SARA BAUKNECHT – Pittsburgh Post-Gazette — FEB 17, 2020
More than 1,200 miles separate Cuba-based Malpaso Dance Co. and Pittsburgh, but the two have more in common than meets the eye.
Malpaso — hailed as Cuba’s first independent contemporary dance company — made its Pittsburgh debut in 2015 at the Kelly Strayhorn Theater. It premiered in the U.S. two original works during that trip.
Then, in 2018, Malpaso premiered in its home city of Havana a work that traces its roots back to Pittsburgh.
The two will intersect once again next weekend when the Pittsburgh Dance Council presents Malpaso Dance Co. at Byham Theater, Downtown, as part of its 2019-20 season. The one-night engagement on Saturday will be its first time headlining a Dance Council program.
Malpaso Dance Co.’s path from conception to international touring company has been a swift one. It was founded in 2012 by its executive director Fernando Sáez, artistic director/choreographer Osnel Delgado and associate artistic director/dancer Daileidys Carrazana. The company’s creation was their response to Cuba’s government-backed dance institutions. Their goal was to carve out a space for contemporary dance to allow for fresh choreographic voices and artistic endeavors to thrive.Malpaso Dance Co.When: 8 p.m. Feb. 22Where: Byham Theater, DowntownTickets: Start at $10 at trustarts.org or 412-456-6666Information: malpasodance.com
Its name Malpaso is Spanish for “misstep” — would breaking out on their own be one?
“It was a big challenge in the very beginning,” Mr. Sáez says. “How to finance the company? How to recruit the dancers? How to make the work more visible?”
Those challenges still exist, particularly in a country where about a quarter of its population is living in poverty. Plus, Cuba doesn’t have its own equivalent to nonprofit organizations in the U.S., which are exempt from federal taxes and allow for financial contributions to be tax deductible for donors.
“If you don’t have that legal framework to incentivize philanthropy, it’s not going to help,” he adds.
Nevertheless, Malpaso has found its footing at home and abroad. In 2014, it performed for the first time outside of Cuba at the famed Joyce Theater in New York City’s Chelsea neighborhood. It’s been one of The Joyce’s associated companies ever since, a partnership that helps connect Malpaso with prominent choreographers and touring opportunities, including its upcoming visit to Pittsburgh.
It was at The Joyce where Randal Miller, the Pittsburgh Cultural Trust’s director of dance programming and special projects, saw Malpaso Dance Co. and learned about one of its Pittsburgh connections. On the program that day was “Tabula Rasa,” a work by Israeli choreographer Ohad Naharin in his Gaga movement style. (Gaga technique encourages dancers to tap into the natural rhythms of their bodies for the joy of it; twisting, bending and undulating are common expressions of it.)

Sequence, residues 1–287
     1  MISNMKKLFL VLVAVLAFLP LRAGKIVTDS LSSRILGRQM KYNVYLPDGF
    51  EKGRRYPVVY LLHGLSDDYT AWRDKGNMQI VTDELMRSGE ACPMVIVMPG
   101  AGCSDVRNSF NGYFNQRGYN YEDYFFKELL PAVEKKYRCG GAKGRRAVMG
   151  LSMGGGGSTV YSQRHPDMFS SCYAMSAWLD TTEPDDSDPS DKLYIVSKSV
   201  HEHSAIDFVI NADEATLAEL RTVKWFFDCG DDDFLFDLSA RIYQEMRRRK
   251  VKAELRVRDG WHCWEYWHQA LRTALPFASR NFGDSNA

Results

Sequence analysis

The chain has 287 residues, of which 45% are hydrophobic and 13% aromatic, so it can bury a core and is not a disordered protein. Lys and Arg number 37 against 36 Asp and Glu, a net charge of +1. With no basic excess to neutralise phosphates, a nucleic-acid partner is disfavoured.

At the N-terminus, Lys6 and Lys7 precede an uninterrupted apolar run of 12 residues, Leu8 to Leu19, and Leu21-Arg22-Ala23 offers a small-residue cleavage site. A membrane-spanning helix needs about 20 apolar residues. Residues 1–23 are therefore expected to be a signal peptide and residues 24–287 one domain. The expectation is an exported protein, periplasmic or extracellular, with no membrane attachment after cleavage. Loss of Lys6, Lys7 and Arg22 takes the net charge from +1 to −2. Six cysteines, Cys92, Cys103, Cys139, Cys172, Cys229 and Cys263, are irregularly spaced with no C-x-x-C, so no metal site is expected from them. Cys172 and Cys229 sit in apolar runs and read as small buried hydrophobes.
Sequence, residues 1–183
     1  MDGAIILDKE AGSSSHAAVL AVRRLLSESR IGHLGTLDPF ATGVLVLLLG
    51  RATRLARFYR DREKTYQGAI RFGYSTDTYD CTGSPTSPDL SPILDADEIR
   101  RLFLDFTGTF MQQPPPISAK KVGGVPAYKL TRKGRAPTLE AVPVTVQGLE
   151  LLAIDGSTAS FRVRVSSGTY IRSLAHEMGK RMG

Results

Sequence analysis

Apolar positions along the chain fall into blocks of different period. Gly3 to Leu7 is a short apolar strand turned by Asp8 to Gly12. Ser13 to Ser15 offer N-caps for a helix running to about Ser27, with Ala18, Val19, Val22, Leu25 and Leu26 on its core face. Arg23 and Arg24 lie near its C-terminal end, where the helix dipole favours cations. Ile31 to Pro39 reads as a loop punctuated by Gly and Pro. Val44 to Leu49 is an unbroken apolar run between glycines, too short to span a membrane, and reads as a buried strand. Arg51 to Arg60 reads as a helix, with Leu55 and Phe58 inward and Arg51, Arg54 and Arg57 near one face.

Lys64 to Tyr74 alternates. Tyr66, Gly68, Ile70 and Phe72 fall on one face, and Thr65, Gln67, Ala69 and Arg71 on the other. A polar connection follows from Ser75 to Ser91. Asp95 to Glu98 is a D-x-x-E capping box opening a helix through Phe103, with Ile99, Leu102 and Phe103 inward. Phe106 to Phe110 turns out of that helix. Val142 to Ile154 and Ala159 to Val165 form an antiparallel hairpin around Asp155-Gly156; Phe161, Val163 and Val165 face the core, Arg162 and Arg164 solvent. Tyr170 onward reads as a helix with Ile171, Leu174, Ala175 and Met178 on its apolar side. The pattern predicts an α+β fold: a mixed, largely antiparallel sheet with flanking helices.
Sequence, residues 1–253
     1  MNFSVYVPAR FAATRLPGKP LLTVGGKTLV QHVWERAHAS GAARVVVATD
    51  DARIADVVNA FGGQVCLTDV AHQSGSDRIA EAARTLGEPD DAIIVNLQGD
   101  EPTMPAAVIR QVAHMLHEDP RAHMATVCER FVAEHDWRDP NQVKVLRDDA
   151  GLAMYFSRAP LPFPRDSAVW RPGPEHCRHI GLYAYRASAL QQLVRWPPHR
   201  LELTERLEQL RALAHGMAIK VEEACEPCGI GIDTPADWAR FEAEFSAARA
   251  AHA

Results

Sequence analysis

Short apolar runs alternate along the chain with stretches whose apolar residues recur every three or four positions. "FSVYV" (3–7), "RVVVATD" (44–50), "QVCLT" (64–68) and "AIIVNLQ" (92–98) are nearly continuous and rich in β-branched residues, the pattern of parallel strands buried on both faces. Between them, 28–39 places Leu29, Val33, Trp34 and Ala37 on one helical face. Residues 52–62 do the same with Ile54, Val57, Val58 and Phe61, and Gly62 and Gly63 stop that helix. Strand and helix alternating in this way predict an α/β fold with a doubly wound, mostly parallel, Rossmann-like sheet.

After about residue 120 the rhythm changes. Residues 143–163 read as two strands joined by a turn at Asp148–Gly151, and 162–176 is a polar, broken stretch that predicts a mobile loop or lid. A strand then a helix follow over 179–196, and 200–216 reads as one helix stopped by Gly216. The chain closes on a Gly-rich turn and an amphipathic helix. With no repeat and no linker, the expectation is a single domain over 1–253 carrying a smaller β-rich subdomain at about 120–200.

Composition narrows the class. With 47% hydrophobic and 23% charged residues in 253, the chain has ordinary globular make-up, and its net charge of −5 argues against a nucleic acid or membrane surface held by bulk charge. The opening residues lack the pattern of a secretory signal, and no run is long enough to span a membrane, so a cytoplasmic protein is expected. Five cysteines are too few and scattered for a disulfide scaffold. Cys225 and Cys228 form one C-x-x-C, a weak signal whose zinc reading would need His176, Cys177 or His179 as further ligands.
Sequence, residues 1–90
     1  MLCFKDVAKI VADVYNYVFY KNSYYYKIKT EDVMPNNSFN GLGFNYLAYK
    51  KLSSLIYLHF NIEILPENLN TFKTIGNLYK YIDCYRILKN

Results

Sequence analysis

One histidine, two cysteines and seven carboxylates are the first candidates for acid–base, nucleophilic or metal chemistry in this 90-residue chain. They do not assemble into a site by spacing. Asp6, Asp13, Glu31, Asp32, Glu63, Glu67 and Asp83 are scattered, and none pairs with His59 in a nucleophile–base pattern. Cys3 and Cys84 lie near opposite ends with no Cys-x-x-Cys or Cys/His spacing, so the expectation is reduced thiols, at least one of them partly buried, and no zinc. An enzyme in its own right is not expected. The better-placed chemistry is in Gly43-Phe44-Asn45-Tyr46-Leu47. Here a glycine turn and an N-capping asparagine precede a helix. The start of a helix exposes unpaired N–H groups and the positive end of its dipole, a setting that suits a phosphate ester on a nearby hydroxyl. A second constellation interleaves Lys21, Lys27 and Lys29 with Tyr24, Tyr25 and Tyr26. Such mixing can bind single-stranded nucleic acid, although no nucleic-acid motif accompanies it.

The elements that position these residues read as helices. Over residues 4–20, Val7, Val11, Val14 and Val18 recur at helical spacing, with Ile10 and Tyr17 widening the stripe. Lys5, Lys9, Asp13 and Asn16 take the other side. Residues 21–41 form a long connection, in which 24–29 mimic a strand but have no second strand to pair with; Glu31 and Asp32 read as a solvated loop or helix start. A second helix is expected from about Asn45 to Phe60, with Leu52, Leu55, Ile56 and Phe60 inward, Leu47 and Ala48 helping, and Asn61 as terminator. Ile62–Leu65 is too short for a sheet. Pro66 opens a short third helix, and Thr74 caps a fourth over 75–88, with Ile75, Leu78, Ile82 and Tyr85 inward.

In the program notes, Mr. Miller saw that Pittsburgh Ballet Theatre commissioned and premiered “Tabula Rasa” in 1986. “Looking at the piece through that lens was mind blowing to me,” he says. “It’s so different from anything that I’ve ever seen PBT do.”
The backstory: Former PBT artistic director Patricia Wilde saw Mr. Naharin in 1984 on a Pittsburgh Dance Council program. He was a rising choreographer at the time, and she was impressed enough to commission a ballet from him for PBT. “Tabula Rasa” is still considered one of his most important works and has been performed worldwide by the likes of Nederlands Dans Theater, Hubbard Street Dance Chicago and Singapore Dance Theatre. PBT last staged it in 1997.
Malpaso Dance Co. will present “Tabula Rasa” on its mixed repertory program in Pittsburgh.
“In addition to being the Dance Council’s 50th anniversary, it’s PBT’s 50th anniversary. Tying those anniversaries together is a really special angle when I was curating the season,” Mr. Miller says.
The lineup on Saturday also will include “Face the Torrent,” a 2017 work by New York City-based choreographer Sonya Tayeh, and “Ocaso,” something from Malpaso’s resident choreographer Mr. Osnel.
“We try to find choreographers we like and respect,” Mr. Sáez says. “At the same time, they have to be challenging enough.”
Malpaso seeks out or choreographs its own works that highlight the diversity of its 11 dancers, who Mr. Sáez describes as “a kaleidoscope of Cuban culture.” Most have some modern or ballet training, as well as experiences in styles from across Cuba.
Mr. Sáez hopes audiences come to a Malpaso Dance Co. show without assumptions about what a dance company from Cuba could or should look like.
“This could be a journey of discovering another fragment of Cuba,” he says.
Sara Bauknecht: [email protected] or on Twitter and Instagram @SaraB_PG.